Palliative Care

Memories of Mrs. M

Mrs. M. was a lot like me, a wife and mother in her early thirties.  Unlike me, she was dying of a disfiguring, highly malignant cancer, which had started in a salivary gland.  When I met her she was receiving palliative care and awaiting a transfer to a hospice facility.

She was a silent and lonely figure.  Her family lived 75 miles away.  Her husband came to see her on the weekends, but her three children never came.  I worked the 3 to 11 shift and never saw her with a visitor.  Her isolation was profound. 

The pace on our unit was such that spending much time with her was difficult, so I began spending my dinnertime with her.  She sipped her high calorie drink while I ate my sandwich.  And we talked.  Or rather, she talked.  She told me about her life and her children.  She described the early symptoms of the cancer and the series of mistakes that caused her to be misdiagnosed.  The odor from the open wound on her neck and the swelling of the tissues of her face and neck were terribly distressing to her.

She told me how as the cancer progressed, her appearance changed radically.  She no longer wanted her children to see her.  She wanted their memories of her to be as she used to look, not the way she looked now.  She didn’t want them to be frightened of her.  We talked about how she felt about that.  Mrs. M. was absolutely adamant about her decision and had made peace with it.  She had moved 75 miles away from home to be near her sister so as to avoid the temptation to see her children.  I wondered how I would manage if I were in Mrs. M’s shoes.  I couldn’t bear the thought.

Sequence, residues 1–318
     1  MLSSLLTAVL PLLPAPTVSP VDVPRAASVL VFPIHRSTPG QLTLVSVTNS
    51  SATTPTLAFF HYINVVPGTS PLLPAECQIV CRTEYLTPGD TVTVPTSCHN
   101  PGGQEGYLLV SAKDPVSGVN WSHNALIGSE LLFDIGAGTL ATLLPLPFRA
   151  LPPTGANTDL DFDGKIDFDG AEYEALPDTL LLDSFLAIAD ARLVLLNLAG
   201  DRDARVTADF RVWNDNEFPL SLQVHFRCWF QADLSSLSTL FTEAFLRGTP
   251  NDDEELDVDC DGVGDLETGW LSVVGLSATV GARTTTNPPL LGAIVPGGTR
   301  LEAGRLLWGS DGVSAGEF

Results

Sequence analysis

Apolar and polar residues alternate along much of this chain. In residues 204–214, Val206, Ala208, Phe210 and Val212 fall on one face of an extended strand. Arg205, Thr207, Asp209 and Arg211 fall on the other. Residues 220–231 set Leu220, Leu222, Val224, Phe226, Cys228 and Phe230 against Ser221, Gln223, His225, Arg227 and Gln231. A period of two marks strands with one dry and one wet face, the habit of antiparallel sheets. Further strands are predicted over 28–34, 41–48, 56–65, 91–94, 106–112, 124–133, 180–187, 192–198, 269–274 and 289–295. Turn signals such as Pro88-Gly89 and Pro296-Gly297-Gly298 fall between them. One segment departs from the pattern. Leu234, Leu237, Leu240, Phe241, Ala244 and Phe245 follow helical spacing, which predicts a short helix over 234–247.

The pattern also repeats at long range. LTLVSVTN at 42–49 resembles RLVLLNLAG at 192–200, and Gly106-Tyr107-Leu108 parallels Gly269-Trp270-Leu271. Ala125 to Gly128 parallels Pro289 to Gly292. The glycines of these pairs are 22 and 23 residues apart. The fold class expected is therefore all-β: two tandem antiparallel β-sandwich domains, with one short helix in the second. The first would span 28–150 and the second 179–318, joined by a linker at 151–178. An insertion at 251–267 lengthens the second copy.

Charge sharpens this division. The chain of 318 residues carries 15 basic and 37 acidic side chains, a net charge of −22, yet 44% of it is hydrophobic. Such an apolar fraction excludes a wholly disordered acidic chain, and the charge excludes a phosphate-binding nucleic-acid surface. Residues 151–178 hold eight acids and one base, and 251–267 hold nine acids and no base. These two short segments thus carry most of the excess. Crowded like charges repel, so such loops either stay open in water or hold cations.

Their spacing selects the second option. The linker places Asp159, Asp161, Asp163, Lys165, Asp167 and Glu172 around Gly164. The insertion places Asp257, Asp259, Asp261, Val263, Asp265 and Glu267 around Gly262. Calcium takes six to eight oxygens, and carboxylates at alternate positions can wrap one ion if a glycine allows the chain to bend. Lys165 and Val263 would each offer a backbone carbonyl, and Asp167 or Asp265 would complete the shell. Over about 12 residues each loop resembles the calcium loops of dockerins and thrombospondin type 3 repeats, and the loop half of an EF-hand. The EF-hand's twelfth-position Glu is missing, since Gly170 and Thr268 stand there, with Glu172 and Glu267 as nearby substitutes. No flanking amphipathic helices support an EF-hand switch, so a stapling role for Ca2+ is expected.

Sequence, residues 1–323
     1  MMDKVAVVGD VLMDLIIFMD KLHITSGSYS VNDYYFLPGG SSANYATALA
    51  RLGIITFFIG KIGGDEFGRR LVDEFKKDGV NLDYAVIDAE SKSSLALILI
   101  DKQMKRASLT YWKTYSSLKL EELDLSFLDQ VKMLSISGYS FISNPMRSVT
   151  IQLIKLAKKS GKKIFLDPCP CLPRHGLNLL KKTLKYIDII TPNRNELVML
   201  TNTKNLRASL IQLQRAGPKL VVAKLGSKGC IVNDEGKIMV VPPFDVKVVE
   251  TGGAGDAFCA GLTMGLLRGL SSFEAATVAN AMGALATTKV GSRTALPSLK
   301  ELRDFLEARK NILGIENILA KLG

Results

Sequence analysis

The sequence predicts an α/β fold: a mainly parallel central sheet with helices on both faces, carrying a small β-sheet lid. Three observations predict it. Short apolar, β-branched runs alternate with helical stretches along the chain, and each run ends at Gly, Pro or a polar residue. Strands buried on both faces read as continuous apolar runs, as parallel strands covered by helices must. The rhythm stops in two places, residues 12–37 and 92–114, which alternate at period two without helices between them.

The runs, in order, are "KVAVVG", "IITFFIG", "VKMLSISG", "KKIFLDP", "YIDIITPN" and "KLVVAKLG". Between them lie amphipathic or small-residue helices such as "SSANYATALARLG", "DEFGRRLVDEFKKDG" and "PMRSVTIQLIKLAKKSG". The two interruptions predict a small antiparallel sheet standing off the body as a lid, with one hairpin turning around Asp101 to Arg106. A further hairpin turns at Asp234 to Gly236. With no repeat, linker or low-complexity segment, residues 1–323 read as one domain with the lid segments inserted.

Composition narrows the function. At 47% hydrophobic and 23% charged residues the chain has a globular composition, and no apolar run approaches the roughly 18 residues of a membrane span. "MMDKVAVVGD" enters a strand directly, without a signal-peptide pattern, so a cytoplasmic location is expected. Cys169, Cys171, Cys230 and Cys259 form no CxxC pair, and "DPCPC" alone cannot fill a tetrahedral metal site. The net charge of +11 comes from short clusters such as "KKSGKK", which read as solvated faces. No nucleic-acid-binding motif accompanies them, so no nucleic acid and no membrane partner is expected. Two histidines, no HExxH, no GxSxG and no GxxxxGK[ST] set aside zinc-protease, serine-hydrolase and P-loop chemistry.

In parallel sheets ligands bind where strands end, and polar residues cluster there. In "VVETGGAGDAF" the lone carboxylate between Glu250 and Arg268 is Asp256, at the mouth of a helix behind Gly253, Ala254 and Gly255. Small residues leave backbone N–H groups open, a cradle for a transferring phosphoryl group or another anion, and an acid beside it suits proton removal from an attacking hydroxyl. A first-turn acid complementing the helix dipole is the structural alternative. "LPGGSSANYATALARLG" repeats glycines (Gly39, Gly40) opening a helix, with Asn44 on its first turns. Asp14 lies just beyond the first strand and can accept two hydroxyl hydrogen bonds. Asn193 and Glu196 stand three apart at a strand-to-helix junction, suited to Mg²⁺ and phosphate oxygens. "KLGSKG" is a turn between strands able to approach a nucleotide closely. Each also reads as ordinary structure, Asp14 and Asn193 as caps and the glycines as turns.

One evening shortly before Mrs. M. was transferred, she told me how she managed to live without the children.  She told me she went back in her memory and re-lived her life.  I asked her what day was the best; she described a summer morning.  The kids were out in the backyard playing, and the baby was taking her nap.  The house was quiet except for the sounds of the children playing.  She could hear the kitchen clock ticking.  She was ironing a dress for her three year old to wear at her birthday party the next day.  She smelled the soapy smell of the ironing.  She was perfectly happy.

Her message to me was simple.  Enjoy the small things, those “moments of time” that are what make up your life, after all.  Try to live in the present.

There was so little I could do for Mrs. M.  There was much that she gave to me.  A message about priorities, about simplicity and about love.

Mary Ann Ford, MAE, RN

Director  (Retired), Riverside School of Professional Nursing


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